Give a cooler planet as a gift this Christmas. As the Earth warms from humans pouring tons of greenhouse gases (GHG) into the atmosphere, carbon offsets are growing as a way for individuals to reduce their impact.
While no substitute for systematic economic and political change, the concept of an offset is that it removes GHG from the atmosphere, or prevents it from being emitted in the first place. Most retailers sell each offset—the equivalent of a ton of GHG—for $5 to $10 from projects ranging from capturing landfill methane, a potent GHG, to reforestation, which stores carbon dioxide in trees. Verified offsets come with a certificate, and independent certification that your money was put to good use.
Residents of industrialized nations emit about 10 tons of greenhouse gases each year just going about their daily lives. It’s not all by choice. Most utilities still don’t offer 100% clean energy. Internal combustion engines are unavoidable in many places. As international negotiators haggle over the changes needed to stop catastrophic warming, people and firms are choosing to offset their emissions—440 million tons so far, equivalent to Australia’s annual energy emissions since 2005.
Carbon offsets reduce the volume of greenhouse gases in the atmosphere by preventing new emissions or drawing it out of the atmosphere. They won’t stop global warming, but they can help slow its progress. Developers use funds to build a range of projects, and this GHG volume is then calculated, and sold.
Not all credits are created equal. Shoddy accounting and fraud have plagued credit schemes in the past. If buyers treat offsets as a license to emit more GHG, rather than reduce unavoidable emissions, it’s not helpful. A 2016 European Commission study (pdf) criticized the credits traded under the Kyoto Protocol’s Clean Development Mechanism, estimating just 7% of the supply was of the highest quality.
So how to tell if a credit is credible? There are a few principles. Offsets should come from existing projects (not future ones), guarantee permanent reductions, and obtain certification from independent auditors. Auditors emphasize accounting. Offsets must be “additional”—projects should only happen because of climate financing—and avoid “leakage,” meaning that emissions don’t move elsewhere (a plot of forest saved in one region should lead to deforestation elsewhere).
To sort through this mixed bag of credits, a number of retailers have emerged to find the highest-quality ones.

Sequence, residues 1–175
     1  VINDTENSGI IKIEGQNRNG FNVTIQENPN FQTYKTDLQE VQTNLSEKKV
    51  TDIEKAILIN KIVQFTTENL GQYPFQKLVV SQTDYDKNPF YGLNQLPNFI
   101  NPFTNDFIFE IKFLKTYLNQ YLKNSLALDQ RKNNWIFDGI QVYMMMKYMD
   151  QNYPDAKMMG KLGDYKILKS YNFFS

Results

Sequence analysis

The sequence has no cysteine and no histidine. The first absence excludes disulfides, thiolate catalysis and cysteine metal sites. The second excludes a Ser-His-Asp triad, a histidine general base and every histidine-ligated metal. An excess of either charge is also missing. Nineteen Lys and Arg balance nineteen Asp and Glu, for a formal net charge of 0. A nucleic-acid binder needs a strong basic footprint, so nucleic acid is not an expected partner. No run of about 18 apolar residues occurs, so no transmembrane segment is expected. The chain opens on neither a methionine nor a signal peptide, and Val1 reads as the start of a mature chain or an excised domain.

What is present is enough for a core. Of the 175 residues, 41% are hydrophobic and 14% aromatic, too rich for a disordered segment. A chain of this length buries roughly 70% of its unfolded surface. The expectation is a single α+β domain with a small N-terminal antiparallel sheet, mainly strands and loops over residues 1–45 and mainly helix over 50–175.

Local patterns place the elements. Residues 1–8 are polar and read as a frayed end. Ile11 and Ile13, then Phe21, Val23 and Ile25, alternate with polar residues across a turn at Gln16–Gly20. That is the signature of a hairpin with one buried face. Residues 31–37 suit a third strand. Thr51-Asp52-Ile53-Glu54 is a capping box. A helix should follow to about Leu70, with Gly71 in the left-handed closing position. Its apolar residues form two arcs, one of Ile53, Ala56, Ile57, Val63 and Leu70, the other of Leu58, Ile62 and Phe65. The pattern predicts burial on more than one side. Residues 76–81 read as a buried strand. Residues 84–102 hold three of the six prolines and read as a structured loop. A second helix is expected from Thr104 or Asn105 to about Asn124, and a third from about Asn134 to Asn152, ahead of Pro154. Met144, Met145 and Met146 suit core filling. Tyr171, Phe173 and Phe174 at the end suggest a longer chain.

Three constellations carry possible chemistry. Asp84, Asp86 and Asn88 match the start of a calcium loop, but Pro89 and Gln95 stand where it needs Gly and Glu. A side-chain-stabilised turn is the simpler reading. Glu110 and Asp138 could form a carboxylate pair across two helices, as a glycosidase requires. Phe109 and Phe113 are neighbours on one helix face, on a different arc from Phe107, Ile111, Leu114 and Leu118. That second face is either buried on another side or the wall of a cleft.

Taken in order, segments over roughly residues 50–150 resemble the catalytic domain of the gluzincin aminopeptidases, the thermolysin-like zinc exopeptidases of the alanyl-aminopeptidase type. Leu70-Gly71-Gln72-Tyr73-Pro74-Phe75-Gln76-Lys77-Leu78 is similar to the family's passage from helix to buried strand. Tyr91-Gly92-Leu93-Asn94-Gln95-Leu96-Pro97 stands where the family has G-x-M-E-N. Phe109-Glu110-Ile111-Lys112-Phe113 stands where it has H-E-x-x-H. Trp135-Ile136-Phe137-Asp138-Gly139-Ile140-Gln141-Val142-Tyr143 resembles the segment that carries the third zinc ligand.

California-based Cool Effect has two technical advisory teams to independently verify projects, and sources credits from 14 projects it tracks for companies such as Salesforce and thousands of individual buyers. Gifts are an increasing slice of its business.
This month, Cool Effect said about a quarter of its sales were gifts. To satisfy the demand, it designed climate stocking stuffers with packages such as Costa Rican wind power and shade-grown coffee reforestation. The most popular gift has been the ”poo package”—offsets fund biogas digesters for family farms in India that capture methane emissions from cattle dung. Gift recipients receive a credit certificate and origami poo cutout.
How many offsets should you buy for your family or special someone? Most package purchases are for $25, equivalent to about 2 metric tons of greenhouse gas reductions. But if you’re looking to cover all of someone’s emissions, lifestyle is the primary factor to consider. Airline trips, housing, food, and location all play a factor. There are plenty of calculators out there to estimate emissions. The Environmental Protection Agency (comprehensive), WWF (simple questionnaire), and Carbon Footprint (best for travel and home) offer ballpark calculations, at best.
But nationality is a good proxy for emissions. The Union of Concerned Scientists compared GHG from fuel combustion for the top 20 per capita emitters in 2015. Oil-pumping Saudi Arabia ranked highest with 17 tons of carbon dioxide per person each year, while the US and Australia tied for second. China, while emitting the most total GHG, emitted under half the amount per person as the US.
If you decide to give the gift of carbon credits this holiday, know they are no substitute for a massive, sustained effort by governments and businesses. Based on the most recent climate modeling (paywall), the worst of global warming can only be avoided by keeping the world under a 1.5°C increase. To do that, the world will need to put a price on carbon, electrify the transportation sector, swap out coal power with zero-emission sources, reform the agricultural sector, and remove carbon dioxide from the atmosphere. That’s an all-hands-on-deck effort.